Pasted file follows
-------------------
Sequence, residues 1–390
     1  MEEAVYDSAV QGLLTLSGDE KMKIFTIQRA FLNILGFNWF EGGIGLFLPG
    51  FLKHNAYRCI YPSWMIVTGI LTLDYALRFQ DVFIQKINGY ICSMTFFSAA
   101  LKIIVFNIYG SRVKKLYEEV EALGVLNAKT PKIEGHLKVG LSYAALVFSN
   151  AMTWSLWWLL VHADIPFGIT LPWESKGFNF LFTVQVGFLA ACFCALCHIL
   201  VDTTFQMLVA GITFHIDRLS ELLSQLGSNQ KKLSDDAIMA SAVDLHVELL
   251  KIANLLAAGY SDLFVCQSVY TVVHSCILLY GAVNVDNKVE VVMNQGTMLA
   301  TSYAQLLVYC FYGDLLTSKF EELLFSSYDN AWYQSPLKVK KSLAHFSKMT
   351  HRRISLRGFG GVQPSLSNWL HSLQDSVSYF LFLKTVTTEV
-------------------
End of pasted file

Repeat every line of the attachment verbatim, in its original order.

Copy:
Sequence, residues 1–390
     1  MEEAVYDSAV QGLLTLSGDE KMKIFTIQRA FLNILGFNWF EGGIGLFLPG
    51  FLKHNAYRCI YPSWMIVTGI LTLDYALRFQ DVFIQKINGY ICSMTFFSAA
   101  LKIIVFNIYG SRVKKLYEEV EALGVLNAKT PKIEGHLKVG LSYAALVFSN
   151  AMTWSLWWLL VHADIPFGIT LPWESKGFNF LFTVQVGFLA ACFCALCHIL
   201  VDTTFQMLVA GITFHIDRLS ELLSQLGSNQ KKLSDDAIMA SAVDLHVELL
   251  KIANLLAAGY SDLFVCQSVY TVVHSCILLY GAVNVDNKVE VVMNQGTMLA
   301  TSYAQLLVYC FYGDLLTSKF EELLFSSYDN AWYQSPLKVK KSLAHFSKMT
   351  HRRISLRGFG GVQPSLSNWL HSLQDSVSYF LFLKTVTTEV